Development and Testing
While it’s easy to cross compile Rust for different architectures, there are no guarantees that changes made to source code produce the correct result. This is where Windows Subsystem for Linux (WSL) comes in handy. WSL is a compatibility layer that translates system calls of Linux programs into the Windows equivalent. It is a native Windows alternative to programs such as Cygwin. This feature has been included in Windows 10 since the Fall Creators update in 2017, it just has to be enabled. Click here for instructions on how to enable WSL. There has also been a recent update to the WSL ecosystem – Windows 10 version 2004 or higher has the ability to enable WSL2. There is only one difference between WSL and WSL2, which is the compatibility layer is replaced with an actual Linux Kernel!
Now the Linux version of VT Anywhere can run on the same machine as the development environment without the need of a virtual machine! This aides in much faster development and testing because there is no need to move files between machines.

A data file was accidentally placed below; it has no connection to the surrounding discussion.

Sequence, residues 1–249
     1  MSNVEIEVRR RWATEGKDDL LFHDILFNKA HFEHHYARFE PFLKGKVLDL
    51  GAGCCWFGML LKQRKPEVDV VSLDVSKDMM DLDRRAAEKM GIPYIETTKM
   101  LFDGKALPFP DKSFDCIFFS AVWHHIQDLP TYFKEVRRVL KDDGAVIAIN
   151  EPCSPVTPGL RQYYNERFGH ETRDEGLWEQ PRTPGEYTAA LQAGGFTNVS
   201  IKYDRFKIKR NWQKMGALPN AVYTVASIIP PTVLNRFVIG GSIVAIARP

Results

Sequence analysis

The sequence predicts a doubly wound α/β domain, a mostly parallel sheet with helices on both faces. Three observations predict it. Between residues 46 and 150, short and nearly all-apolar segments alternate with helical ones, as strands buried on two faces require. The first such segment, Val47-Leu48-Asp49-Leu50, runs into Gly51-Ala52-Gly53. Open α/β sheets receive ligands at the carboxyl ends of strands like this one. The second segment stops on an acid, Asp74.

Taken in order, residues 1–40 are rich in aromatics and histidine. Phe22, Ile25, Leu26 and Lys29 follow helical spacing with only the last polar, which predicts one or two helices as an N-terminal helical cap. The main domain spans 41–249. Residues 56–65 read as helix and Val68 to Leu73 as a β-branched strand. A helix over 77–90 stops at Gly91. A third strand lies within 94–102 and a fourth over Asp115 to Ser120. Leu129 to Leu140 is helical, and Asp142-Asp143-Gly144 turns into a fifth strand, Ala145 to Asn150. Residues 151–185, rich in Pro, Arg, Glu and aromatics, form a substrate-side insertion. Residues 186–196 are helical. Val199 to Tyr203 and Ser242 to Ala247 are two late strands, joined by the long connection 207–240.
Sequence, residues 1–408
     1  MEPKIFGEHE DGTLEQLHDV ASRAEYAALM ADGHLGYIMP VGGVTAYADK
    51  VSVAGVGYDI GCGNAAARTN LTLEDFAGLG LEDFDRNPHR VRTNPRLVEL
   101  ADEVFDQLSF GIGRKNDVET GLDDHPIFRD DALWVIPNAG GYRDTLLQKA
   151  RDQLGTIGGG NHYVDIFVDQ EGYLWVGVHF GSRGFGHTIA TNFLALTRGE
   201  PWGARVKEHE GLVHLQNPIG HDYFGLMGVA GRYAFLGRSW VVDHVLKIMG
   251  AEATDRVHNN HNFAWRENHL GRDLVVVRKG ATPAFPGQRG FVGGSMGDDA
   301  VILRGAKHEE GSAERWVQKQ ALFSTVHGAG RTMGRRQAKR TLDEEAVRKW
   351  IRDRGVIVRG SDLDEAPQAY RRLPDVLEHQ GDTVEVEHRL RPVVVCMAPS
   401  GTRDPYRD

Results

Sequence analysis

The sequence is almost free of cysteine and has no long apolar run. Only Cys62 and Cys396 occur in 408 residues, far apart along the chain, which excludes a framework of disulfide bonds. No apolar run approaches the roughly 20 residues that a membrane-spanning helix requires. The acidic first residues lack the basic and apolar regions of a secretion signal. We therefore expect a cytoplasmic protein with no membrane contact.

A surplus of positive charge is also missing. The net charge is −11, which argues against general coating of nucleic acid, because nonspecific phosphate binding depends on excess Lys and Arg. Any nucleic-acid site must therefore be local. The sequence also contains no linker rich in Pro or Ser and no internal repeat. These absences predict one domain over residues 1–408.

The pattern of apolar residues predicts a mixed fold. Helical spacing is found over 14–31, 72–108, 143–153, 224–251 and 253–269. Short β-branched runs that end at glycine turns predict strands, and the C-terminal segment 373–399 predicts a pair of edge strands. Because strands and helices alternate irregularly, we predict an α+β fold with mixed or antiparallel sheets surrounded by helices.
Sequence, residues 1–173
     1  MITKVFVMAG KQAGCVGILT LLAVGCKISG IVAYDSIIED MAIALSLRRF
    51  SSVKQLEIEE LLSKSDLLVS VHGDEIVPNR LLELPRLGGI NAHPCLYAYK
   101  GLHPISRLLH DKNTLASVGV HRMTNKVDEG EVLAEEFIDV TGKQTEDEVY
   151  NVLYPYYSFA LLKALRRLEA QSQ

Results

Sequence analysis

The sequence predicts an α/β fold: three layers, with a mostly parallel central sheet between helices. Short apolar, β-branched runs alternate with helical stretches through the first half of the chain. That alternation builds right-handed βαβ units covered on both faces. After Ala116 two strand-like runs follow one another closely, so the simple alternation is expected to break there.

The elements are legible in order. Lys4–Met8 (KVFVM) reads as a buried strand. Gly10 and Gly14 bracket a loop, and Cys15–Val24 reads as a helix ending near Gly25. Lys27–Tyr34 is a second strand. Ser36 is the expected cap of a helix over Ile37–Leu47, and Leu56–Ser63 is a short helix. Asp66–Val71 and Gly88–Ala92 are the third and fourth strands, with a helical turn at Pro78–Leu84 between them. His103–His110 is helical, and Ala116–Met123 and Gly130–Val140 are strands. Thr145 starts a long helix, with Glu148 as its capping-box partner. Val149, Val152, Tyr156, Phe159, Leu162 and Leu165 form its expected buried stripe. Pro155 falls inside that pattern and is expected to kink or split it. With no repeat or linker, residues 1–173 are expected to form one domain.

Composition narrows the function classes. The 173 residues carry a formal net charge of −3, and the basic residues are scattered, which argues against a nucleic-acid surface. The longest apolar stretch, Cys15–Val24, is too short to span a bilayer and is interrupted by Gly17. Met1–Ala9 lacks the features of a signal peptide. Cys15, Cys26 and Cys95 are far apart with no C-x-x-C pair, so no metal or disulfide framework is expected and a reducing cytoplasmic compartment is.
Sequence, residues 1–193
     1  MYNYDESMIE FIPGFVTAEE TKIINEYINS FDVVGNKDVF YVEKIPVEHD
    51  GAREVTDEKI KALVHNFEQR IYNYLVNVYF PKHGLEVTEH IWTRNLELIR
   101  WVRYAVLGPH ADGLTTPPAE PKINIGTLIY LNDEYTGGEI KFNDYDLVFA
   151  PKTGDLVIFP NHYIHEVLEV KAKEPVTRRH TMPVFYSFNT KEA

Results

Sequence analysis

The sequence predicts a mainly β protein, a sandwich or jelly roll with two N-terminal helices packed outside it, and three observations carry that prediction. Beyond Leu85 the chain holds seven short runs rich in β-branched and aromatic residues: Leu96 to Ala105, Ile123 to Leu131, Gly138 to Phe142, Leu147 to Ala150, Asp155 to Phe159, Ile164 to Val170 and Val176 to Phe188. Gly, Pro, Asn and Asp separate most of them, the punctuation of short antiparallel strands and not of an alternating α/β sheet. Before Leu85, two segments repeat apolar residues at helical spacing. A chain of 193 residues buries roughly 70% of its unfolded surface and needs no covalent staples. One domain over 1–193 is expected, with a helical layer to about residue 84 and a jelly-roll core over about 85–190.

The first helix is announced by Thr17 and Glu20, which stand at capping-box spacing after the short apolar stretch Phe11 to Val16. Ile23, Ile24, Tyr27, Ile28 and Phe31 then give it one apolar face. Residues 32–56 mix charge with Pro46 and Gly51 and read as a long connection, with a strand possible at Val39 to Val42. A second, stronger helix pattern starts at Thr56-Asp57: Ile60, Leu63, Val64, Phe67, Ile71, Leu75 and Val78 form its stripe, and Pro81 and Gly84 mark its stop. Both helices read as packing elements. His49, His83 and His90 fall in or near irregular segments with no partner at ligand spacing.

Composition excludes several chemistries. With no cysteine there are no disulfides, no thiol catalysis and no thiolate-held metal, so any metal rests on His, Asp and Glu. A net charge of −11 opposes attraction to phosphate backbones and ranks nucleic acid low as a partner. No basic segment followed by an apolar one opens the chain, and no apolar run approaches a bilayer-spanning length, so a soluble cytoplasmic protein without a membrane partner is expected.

Most applications are installed with a one click executable, but this process is slightly different depending on what operating system is running the application. VT Anywhere offers two different versions, a server version, and a standalone all-in-one application. When it comes to the server version, cross platform compatibility is not a big issue since it is invoked on the command line.
While electron-builder will do most of the work for packaging applications for different operating systems, there are a few extra steps. Debian Linux targets require a .postinst and .postrm scripts to set file permissions and file cleanup when installing and removing Debian packages. This is an extra step to consider compared to the Windows equivalent NSIS.
While creating an application that will run on anything is a daunting task, there are plenty of free and open source tools that can help set you up for success.